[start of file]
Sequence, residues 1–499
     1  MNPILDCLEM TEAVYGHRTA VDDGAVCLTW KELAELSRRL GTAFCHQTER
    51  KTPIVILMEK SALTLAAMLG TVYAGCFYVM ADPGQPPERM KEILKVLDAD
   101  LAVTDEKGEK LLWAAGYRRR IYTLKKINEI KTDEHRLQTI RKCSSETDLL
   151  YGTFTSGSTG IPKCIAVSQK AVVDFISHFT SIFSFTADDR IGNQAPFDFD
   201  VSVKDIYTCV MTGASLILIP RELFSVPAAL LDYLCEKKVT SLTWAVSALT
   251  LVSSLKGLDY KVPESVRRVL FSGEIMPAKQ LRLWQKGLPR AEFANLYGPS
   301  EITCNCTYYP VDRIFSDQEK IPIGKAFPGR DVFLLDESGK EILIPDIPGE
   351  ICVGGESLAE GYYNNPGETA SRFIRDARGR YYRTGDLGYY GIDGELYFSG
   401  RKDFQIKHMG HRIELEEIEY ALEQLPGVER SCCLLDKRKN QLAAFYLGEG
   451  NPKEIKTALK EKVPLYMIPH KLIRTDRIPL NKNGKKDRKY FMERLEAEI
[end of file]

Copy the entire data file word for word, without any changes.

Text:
Sequence, residues 1–499
     1  MNPILDCLEM TEAVYGHRTA VDDGAVCLTW KELAELSRRL GTAFCHQTER
    51  KTPIVILMEK SALTLAAMLG TVYAGCFYVM ADPGQPPERM KEILKVLDAD
   101  LAVTDEKGEK LLWAAGYRRR IYTLKKINEI KTDEHRLQTI RKCSSETDLL
   151  YGTFTSGSTG IPKCIAVSQK AVVDFISHFT SIFSFTADDR IGNQAPFDFD
   201  VSVKDIYTCV MTGASLILIP RELFSVPAAL LDYLCEKKVT SLTWAVSALT
   251  LVSSLKGLDY KVPESVRRVL FSGEIMPAKQ LRLWQKGLPR AEFANLYGPS
   301  EITCNCTYYP VDRIFSDQEK IPIGKAFPGR DVFLLDESGK EILIPDIPGE
   351  ICVGGESLAE GYYNNPGETA SRFIRDARGR YYRTGDLGYY GIDGELYFSG
   401  RKDFQIKHMG HRIELEEIEY ALEQLPGVER SCCLLDKRKN QLAAFYLGEG
   451  NPKEIKTALK EKVPLYMIPH KLIRTDRIPL NKNGKKDRKY FMERLEAEI